Rather than fostering greater collaboration and boosting productivity, schools of thought are increasingly suggesting that open-plan offices create a distracted and less productive workforce. According to a survey by the business manufacturer Brother UK, 64 per cent of workers are interrupted 20 times a day – and when doing something complicated – it can take them 15 minutes before they are fully re-focussed on what they were doing. If this happens just four times a day, that is an hour lost. With clever space planning, it doesn’t have to be that way.
A publication by Public Health England on the impact of physical environments on employee wellbeing recommended that employers “provide a variety of work spaces for different types of working as well as private spaces and quiet rooms for those who require confidential conversations and focus”. Rather than reject open-plan, a quiet zone can be a simple way to minimise disturbance when undertaking a task that requires your full attention.
For a communications consultancy called Cello Health Consulting, where clients measure them on the quality of their written work, we created a designated room for staff to get their head down and write without being interrupted by everything else going on in the office.
It’s not just noise that distracts people. Employees feeling under surveillance is another issue that can prevent people from concentrating on the job at hand. We try to locate staff in positions where they are not overlooked, especially if they’re doing work that’s confidential and can’t have their screen on display to everyone that’s walking by. As obvious as it sounds, we try to put people somewhere where they’re not outside someone’s door or on route to the toilets or kitchen.
Of course, some professions are far more receptive to the open-plan environment than others. For instance, someone at a media company will usually be happy to find a quiet place away from their desk, whereas a lawyer will want their own office or at least the feel of it. We used dividing screens for a law firm called RHW Solicitors, which provided a closed office feel with the privacy that the fee earners required.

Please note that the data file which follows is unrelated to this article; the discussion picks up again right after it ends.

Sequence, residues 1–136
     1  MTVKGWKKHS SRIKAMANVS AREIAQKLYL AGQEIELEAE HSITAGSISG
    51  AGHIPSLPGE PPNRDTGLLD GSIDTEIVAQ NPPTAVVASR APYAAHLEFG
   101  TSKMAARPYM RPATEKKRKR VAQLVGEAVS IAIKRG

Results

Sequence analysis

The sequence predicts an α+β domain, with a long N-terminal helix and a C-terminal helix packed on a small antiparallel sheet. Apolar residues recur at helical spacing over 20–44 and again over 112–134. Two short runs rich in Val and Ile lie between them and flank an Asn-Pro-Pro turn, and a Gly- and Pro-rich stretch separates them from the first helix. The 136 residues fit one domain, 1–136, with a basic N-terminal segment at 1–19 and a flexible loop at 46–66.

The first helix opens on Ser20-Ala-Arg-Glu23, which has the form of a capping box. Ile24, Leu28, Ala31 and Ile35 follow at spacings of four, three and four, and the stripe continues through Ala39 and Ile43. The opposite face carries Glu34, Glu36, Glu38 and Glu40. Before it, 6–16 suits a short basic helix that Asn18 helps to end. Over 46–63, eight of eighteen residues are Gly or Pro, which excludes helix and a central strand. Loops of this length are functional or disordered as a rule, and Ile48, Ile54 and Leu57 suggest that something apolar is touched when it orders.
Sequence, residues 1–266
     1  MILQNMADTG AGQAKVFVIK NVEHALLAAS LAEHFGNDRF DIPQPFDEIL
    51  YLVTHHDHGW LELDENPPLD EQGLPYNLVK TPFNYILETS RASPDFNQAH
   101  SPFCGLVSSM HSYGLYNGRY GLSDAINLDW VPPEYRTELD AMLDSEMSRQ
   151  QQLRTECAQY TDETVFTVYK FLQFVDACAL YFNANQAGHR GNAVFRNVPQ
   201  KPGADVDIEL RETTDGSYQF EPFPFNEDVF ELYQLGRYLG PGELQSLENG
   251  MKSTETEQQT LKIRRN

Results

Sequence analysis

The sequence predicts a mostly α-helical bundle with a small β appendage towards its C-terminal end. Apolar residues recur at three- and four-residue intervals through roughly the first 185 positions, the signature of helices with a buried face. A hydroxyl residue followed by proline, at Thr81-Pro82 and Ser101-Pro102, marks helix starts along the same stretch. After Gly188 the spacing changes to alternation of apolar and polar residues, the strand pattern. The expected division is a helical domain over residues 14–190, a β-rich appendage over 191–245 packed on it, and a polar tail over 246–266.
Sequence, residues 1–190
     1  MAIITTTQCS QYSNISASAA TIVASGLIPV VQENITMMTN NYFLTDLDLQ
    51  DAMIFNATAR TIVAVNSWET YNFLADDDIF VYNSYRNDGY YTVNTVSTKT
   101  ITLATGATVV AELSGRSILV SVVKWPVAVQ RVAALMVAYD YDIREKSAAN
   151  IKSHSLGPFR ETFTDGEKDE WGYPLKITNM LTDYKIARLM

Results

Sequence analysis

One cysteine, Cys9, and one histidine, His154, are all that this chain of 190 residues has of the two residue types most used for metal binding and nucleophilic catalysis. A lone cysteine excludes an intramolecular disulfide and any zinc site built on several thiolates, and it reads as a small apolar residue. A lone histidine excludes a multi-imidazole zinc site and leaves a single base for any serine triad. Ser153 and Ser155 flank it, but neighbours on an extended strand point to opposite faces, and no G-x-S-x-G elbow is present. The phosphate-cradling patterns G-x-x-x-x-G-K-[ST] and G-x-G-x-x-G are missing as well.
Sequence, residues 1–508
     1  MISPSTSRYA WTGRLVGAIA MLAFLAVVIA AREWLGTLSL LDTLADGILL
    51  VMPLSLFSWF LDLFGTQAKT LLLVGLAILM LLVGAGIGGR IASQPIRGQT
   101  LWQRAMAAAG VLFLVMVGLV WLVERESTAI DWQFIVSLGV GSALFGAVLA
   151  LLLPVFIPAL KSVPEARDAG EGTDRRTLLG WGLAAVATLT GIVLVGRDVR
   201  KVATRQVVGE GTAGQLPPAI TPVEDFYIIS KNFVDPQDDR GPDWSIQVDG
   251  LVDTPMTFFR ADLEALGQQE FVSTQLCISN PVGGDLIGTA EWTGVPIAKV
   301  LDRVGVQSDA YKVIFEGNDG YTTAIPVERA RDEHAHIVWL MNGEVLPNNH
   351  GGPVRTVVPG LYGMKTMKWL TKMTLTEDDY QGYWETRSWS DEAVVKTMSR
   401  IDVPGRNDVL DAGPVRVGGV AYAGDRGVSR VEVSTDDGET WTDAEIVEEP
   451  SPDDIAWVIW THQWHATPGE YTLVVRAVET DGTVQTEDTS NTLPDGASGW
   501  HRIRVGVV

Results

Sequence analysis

The more people you squeeze into an office, the greater the requirement for meeting rooms and quiet zones. However, if space is limited, there are other solutions. If you want to take a private call, you could have a telephone booth hung on the wall or a private cubicle, or you could use specialist furniture. We used high back sofas at a scheme we did for the Health Foundation and cocoon shaped chairs for the casino Les Ambassadors, who were after more of a high-end look.
They have been designed to enhance audio privacy – if you need to chat to a colleague away from your desk or meet a client, these can work just as well as a meeting room. Manufacturers have come up with furniture solutions specifically designed to cater for the different ways people like to work – whether that’s with an iPad, phone or laptop – and have created a variety of chairs, sofas, tables and benches to landscape the open-plan environment for these different settings.
A study by Gensler found that “balanced workplaces – those prioritising both focus and collaboration – score higher on measures of satisfaction, innovation, effectiveness, and performance.” Some of the closed offices I see are lifeless; people are shut away in their cells as though it’s a prison. Open-plan can be great for communication and better for collaboration.
It’s not just there because it costs less – it fosters a less hierarchical, more open culture where the door is always open because there aren’t any. Clearly, there are benefits to both open-plan and closed offices. What we are saying is that with clever design, you can have the best of both worlds.
Guy Crabb is managing director at ODB Group.
To promote trust and foster high engagement amongst staff, we’ve put together our top tips to maintain employee privacy in today’s open offices.
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